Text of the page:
8) Insulin Pumps And Other Diabetes Electronics Should Not Go Through Electronic Scanners – Your electronic diabetes supplies do not need to go through electronic scanners. More importantly, they SHOULD NOT go through electronic scanners. I personally use insulin pens, but this one is very important for those who use pumps. The TSA has no right to force you to remove your pump and send it through a scanner. If they do, here’s the help you need from the American Diabetes Association.

9) Disconnect Your Insulin Pump During Takeoff And Landing – At first I thought this was nonsense, but the explanation is very interesting. If there’s an air bubble inside your insulin pump, it can expand as a plane climbs to altitude, which would force more insulin into your system without you knowing it. To be safe, it may be a good idea to disconnect your insulin pump during takeoff and landing. Again, I use insulin pens, but I’d love to hear what diabetics with pumps think about this one.

10) Always Carry Emergency Glucose – The last tip is the second most important tip on this list, and one every diabetic knows well. It’s especially true for traveling with diabetes. Always carry emergency glucose. I’ll say it again. ALWAYS CARRY EMERGENCY GLUCOSE. In my experience, Gummy Lifesavers and Skittles work well. They don’t melt in the heat, and they don’t take up much space.

Any other tips for traveling with diabetes out there that you’ve picked up in your travels? I’d be happy to add them to the list! Leave your tips in comments or contact us!

-O.L.

 

Recent Comments

  • Karen
    May 23, 2014 - 2:02 pm · Reply

    It was really helpful to read your tips! Disappointed my plans interfered with participating in the ADA chat. I, too, was fascinated to learn about the reasons for disconnecting pumps during take-off and landing! Wonder what implications are for my son’s Omnipod. Hearing your BG tips was interesting as well. We’ve never had a problem carrying reusable ice packs either. Have your tried the Frio wallet? I assume your preference to carry an icepack with your insulin would be for your back up supplies of insulin — so they don’t start that 28 day clock toward expiration? Thanks for posting! It’s inspiring to see all the places that you visit while managing T1!

    • Oren and Cassie
      May 23, 2014 - 6:31 pm · Reply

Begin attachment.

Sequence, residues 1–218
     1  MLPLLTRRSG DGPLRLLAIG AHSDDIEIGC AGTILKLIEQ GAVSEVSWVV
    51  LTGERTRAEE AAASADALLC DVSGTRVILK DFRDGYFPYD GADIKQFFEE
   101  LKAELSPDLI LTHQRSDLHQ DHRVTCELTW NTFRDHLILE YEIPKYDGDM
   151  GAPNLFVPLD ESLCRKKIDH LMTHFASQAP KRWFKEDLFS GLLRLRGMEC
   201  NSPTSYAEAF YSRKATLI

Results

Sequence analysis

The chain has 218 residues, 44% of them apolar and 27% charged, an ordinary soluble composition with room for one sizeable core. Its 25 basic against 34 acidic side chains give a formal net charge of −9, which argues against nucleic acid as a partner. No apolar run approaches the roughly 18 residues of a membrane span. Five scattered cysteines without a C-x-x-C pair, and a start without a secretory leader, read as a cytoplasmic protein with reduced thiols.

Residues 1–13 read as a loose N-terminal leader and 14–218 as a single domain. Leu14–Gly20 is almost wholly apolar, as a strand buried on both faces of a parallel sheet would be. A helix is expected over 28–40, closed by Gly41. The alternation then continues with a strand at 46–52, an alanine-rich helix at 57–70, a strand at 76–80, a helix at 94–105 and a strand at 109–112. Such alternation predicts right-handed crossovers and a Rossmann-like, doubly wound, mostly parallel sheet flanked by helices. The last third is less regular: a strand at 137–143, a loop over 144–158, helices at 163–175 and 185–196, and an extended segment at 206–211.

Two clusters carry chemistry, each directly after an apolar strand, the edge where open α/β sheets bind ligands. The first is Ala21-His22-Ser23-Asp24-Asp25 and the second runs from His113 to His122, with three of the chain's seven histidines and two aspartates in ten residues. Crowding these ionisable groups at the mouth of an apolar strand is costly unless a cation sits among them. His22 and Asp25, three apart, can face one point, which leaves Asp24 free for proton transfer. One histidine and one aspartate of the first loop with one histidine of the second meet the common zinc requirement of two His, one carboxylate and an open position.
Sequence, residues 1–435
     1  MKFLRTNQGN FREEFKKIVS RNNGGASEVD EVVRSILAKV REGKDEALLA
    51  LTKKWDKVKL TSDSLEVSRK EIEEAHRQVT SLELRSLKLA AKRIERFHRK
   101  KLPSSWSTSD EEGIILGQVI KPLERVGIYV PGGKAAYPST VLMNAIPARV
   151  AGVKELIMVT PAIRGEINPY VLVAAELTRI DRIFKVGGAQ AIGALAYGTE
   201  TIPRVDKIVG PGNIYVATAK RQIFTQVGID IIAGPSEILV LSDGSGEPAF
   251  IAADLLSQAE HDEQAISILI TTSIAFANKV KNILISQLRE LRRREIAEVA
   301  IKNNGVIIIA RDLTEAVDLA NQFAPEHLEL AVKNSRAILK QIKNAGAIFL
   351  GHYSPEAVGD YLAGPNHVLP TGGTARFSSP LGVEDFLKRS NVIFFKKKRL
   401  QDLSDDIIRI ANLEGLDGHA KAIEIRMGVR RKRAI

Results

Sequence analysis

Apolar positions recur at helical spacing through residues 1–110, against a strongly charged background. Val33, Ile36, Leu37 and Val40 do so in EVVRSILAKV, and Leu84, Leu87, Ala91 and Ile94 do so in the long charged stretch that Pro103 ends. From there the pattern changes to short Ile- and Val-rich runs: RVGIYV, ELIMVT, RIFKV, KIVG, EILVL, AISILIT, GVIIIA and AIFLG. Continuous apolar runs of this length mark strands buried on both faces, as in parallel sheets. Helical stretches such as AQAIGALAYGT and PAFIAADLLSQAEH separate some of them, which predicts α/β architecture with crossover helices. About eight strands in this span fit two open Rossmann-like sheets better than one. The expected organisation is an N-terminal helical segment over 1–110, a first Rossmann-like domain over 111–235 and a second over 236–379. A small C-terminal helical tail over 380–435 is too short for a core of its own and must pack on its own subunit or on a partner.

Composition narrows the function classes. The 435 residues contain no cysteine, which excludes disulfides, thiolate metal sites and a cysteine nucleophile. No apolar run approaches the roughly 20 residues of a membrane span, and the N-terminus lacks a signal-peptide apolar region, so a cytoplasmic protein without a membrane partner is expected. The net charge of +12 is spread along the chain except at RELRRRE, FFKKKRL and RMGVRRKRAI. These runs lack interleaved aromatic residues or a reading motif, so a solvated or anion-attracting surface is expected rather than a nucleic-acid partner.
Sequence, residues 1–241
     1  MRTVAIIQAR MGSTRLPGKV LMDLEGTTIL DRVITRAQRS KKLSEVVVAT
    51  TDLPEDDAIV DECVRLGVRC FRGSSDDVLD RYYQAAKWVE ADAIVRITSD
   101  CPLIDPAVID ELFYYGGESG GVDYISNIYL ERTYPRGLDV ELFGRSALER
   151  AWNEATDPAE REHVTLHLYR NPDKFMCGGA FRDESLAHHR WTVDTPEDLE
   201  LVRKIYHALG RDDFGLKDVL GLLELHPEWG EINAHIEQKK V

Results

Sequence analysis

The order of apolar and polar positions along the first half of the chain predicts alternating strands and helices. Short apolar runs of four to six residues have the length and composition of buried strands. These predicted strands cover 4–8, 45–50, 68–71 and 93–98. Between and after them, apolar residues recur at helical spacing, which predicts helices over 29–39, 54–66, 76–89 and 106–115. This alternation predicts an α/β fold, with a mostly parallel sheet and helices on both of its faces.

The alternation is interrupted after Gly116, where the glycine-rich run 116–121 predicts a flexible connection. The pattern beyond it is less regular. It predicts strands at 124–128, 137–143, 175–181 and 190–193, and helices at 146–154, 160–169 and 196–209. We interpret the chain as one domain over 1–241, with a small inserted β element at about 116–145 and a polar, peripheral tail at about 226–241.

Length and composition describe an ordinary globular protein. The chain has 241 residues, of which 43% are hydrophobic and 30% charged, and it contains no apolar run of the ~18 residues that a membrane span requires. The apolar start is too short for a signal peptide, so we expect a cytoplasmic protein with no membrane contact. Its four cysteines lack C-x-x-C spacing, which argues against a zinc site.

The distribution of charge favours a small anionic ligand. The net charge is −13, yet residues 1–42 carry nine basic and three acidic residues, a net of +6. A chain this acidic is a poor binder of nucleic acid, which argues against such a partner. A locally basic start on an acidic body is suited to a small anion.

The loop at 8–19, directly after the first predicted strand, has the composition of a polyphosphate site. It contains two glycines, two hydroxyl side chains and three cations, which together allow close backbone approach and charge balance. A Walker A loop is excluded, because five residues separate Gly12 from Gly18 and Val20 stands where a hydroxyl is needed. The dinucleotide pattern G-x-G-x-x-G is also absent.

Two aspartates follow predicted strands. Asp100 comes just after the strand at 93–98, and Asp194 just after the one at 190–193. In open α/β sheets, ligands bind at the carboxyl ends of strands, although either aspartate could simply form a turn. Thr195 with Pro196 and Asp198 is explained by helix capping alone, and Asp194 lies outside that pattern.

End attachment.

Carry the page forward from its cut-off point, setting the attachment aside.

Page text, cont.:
Thanks so much! I haven’t tried the Frio Wallet only because I hadn’t heard about it before I started traveling. I will absolutely be ordering one for my next big trip, but I didn’t want to recommend something that I had never used before. See you on the road 🙂

  • Courtney
    July 27, 2014 - 1:44 pm · Reply

    Huh. I have had a pump for 4 years and never knew that one should take it off during take-off/landing (and I have gone on MANY plane journeys during that time). I am sure the effects of any air bubbles expanding would be quite minimal, but I guess better safe than sorry.

    However, you should also be careful about keeping an ice pack up against your insulin pens. Insulin that freezes becomes unusable when it thaws. I would suggest keeping some kind of barrier between the ice pack and the insulin vials/pens themselves.

    • Oren and Cassie
      July 27, 2014 - 9:51 pm · Reply

      The point about the air bubbles surprised me too. I think you’re right that the effect would be minimal, but I think it’s one of those better safe than sorry things, as you said.

      And you’re absolutely right about the ice pack. I always pull the ice pack out a few hours before I pack it with the insulin to make sure it warms up a bit. That way I don’t risk freezing (and destroying) my insulin. Thanks for visiting the page, and safe travels!!

  • mytravelfever
    July 9, 2015 - 11:32 am · Reply

    Love this post – such practical information for people travelling with diabetes! It’s great that you’ve been able to get back on the road and manage the condition so well (probably much better than most people at home!)

    • Oren and Cassie
      July 9, 2015 - 12:19 pm · Reply

      Thank you so much!! I truly hope this post inspires others with diabetes (or any other medical issues for that matter) to get out there and travel in a safe, healthy way!

      • Oren and Cassie
        August 29, 2015 - 4:08 pm · Reply

        I haven’t actually. but I’m a bit familiar with it. I’ve never had an issue with the insulin I use, but if I do one day, I’ll know where to look! Thanks!